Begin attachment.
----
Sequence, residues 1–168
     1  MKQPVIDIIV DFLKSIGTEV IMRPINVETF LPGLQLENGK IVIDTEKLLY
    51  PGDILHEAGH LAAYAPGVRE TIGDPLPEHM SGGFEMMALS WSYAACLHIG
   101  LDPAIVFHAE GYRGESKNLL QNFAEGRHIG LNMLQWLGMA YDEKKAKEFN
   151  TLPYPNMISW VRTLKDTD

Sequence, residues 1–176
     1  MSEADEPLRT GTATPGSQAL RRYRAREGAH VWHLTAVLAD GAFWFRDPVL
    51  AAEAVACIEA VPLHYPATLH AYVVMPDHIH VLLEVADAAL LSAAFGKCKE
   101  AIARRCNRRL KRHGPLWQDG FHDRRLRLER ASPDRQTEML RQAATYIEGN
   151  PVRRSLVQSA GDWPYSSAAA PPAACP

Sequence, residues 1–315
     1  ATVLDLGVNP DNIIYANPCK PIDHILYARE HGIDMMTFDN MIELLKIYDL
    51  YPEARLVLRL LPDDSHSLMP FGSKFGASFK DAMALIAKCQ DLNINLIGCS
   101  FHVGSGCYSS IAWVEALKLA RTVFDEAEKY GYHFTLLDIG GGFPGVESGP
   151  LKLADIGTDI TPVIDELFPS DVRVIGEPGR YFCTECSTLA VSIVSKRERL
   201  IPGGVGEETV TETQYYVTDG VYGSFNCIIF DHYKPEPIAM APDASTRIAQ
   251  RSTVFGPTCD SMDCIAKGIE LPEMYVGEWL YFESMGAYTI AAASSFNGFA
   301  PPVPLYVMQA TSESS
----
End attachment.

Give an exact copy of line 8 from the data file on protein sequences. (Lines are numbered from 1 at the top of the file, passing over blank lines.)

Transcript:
    51  AAEAVACIEA VPLHYPATLH AYVVMPDHIH VLLEVADAAL LSAAFGKCKE